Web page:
St. Ives is a beach community that overlooks the blue waters of a bay in the southwestern corner of England. The popularity of this small port as an art colony started around 1870, when Cornwall’s coast was discovered as a chic holiday destination, easily reachable by newly built railways. It was the time when the very idea of “summer holidays” stopped being just a privilege of the rich and took off among the middle class. Painters such as James Abbott McNeill Whistler and Walter Sickert explored picturesque St. Ives as early as 1884, and within a few years it became a colony attracting many marine artists.
It was, however, the second generation of artists who made St. Ives famous as the largest art gathering place in the UK outside London. Sculptor Barbara Hepworth and abstract painter Ben Nicholson were both married to other people when they met in 1931, but within a short few years, they left their respective partners, became parents to triplets, and moved permanently to St. Ives, settling there just before the start of WWII. When London started being bombed, more artists began escaping to this remote village. Hepworth and Nicholson became the leaders of an artists’ community, including taking under their wing some refugees, such as the Bauhaus sculpture artist Naum Gabo.
Nicholson was an abstract painter whose 1930s works were pristinely monochromatic, strongly influenced by Mondrian, who abhorred both nature and the color green. Arriving in St. Ives changed all that. Nicholson started painting in colors, inspired by Cornwall’s greenery, sea, and skies. Colorful pictures, whether abstract or landscapes, were also easier to market, and Nicholson, by then the father of six kids from two marriages, needed to be more of a commercial success. The move to St. Ives marked the beginning of an explosion of Hepworth’s creative juices as well, with the place proving to be an ultimate source of inspiration for her.
While Hepworth and Nicholson were the indisputable leaders of the colony, other artists—especially St. Ives native Peter Lanyon and a bold abstractionist named Wilhelmina Barns-Graham—flourished in the lively 1940s art scene. English modernism thrived at St. Ives for about 10 to 15 years, thanks to the wartime arrivals and the light and beauty of the Cornish coast.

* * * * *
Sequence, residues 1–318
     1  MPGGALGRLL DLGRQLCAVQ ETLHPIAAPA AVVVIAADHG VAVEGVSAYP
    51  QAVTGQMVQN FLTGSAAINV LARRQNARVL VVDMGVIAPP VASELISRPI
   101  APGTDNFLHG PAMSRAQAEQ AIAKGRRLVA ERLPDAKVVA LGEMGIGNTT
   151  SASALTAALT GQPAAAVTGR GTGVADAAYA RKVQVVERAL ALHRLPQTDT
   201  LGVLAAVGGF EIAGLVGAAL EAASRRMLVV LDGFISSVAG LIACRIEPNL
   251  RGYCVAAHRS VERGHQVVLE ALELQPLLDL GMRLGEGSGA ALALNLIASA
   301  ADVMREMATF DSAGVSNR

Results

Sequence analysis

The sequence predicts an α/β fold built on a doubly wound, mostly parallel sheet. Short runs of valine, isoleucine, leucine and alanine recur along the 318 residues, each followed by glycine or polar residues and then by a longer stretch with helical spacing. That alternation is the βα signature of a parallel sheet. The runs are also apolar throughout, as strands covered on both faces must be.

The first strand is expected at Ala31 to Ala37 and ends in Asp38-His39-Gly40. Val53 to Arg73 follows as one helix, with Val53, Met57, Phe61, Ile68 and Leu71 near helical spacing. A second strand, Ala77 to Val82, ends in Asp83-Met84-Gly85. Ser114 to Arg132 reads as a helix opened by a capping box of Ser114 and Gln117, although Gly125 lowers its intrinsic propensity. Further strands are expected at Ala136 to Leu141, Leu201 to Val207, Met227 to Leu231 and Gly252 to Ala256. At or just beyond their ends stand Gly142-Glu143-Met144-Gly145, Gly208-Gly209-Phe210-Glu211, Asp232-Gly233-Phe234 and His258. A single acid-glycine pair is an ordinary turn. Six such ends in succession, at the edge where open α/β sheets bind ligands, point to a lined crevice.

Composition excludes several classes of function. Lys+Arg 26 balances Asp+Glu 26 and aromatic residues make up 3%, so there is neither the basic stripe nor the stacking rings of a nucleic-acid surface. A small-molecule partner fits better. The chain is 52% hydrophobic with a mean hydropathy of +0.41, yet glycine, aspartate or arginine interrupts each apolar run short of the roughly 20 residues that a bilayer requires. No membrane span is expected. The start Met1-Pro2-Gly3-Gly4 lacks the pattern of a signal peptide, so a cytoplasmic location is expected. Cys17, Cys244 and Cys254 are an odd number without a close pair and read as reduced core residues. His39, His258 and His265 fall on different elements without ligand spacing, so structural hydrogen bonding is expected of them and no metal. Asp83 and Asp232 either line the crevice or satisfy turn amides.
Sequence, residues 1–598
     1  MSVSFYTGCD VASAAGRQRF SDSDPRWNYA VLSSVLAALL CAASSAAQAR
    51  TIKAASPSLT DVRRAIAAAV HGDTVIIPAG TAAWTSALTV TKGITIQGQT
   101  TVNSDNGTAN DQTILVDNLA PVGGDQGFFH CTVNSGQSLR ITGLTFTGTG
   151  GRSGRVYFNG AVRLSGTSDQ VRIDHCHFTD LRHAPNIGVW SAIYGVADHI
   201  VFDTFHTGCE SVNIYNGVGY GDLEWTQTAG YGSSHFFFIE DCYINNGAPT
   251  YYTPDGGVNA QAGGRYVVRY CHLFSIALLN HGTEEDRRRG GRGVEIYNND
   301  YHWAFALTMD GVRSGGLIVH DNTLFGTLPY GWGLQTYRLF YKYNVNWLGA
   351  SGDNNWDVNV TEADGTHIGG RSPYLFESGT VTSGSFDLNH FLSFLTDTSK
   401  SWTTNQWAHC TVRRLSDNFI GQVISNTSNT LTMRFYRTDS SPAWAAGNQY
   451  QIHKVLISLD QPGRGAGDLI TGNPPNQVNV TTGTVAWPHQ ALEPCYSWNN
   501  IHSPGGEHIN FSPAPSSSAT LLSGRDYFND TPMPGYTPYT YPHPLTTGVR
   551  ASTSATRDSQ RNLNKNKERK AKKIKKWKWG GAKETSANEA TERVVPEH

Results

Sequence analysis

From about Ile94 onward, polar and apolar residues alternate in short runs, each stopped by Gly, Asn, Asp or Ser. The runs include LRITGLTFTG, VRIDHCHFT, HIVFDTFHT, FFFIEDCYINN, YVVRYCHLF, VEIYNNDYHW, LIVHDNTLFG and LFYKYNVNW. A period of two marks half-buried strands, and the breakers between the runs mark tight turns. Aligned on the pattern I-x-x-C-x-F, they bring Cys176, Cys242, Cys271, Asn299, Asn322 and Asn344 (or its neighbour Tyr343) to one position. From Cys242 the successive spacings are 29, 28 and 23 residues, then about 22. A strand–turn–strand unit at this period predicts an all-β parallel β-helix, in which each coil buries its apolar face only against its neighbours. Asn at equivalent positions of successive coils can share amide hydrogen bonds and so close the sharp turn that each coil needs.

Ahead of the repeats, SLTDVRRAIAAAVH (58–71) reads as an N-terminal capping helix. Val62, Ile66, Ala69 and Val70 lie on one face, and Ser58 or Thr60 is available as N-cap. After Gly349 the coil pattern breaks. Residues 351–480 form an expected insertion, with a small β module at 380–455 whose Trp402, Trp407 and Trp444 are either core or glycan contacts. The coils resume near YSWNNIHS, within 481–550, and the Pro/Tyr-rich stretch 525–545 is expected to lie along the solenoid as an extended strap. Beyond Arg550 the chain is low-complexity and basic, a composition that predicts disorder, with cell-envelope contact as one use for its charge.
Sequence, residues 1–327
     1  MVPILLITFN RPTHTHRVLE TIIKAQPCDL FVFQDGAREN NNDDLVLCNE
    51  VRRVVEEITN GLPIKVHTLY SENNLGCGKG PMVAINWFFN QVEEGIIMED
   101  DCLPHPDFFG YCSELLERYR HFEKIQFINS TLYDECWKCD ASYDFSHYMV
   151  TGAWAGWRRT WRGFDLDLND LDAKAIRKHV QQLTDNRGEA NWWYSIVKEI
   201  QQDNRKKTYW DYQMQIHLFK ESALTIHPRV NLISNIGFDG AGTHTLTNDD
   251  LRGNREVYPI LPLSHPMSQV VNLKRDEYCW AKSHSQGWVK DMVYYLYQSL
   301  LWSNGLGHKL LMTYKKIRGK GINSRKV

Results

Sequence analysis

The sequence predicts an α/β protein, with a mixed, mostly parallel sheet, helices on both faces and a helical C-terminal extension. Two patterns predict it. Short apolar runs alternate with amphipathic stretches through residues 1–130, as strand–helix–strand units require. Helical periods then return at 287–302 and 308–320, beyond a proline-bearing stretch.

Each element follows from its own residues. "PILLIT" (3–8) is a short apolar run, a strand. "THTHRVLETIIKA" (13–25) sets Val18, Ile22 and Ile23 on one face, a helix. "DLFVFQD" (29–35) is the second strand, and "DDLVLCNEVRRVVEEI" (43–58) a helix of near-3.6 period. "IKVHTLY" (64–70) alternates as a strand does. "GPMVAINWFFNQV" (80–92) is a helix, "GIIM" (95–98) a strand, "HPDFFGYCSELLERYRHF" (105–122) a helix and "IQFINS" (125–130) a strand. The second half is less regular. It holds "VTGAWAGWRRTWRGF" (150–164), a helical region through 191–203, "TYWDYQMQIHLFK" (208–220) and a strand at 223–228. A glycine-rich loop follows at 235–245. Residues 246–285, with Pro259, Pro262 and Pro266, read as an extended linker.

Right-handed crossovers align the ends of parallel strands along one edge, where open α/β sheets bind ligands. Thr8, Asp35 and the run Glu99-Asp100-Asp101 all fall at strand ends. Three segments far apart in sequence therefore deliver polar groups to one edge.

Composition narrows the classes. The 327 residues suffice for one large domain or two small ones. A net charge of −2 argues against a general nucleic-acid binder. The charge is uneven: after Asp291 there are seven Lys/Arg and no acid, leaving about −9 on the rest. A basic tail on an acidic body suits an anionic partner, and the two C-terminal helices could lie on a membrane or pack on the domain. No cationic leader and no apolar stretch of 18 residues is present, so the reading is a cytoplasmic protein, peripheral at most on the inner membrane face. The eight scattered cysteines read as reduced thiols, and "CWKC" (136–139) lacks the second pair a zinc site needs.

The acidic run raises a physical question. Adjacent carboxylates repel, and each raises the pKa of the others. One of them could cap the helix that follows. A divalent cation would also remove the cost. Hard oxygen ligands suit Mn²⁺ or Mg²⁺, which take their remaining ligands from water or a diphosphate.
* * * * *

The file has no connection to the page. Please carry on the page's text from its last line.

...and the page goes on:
Other Art Colonies
Art colonies have not been limited to France and England. In Scandinavia, modernist painters gathered at the beaches of Skagen. In the Netherlands of the 1920s, painters worked together in the seaside town of Bergen, while during the same period in Poland, artists would paint at the country estate of Wiśniowa.
The trend of artists gathering in one location also crossed the Atlantic. At the start of the 20th century, there were some famous painting places in America as well. The first art colony was established in 1900 by Florence Griswold, who needed income to keep her family house and estate going. Her house in Old Lyme, Connecticut became a gathering place for many decades of artistic plein-airs. By the 1940s, other places also became popular art colonies. Provincetown, Massachusetts—the location that has the honor of being the longest continuously operating art colony in the U.S.—was associated with abstractionists Robert Motherwell and Helen Frankenthaler. Sedona, a striking town nestled among the red rocks of Arizona, regarded by Native Americans as sacred, started to draw creative types after the surrealists Max Ernst and Deborah Tanning settled there after WWII. Ernst created his masterpiece sculpture Capricorn while living in Sedona.
People of similar interests tend to flock together even without any art involved. For artists and writers, however, this impulse seems to be an even more attractive way of sharing interests and inspiration. The communal spirit blends well with individual expression in art colonies. There are now hundreds of well-known artistic centers all over the world.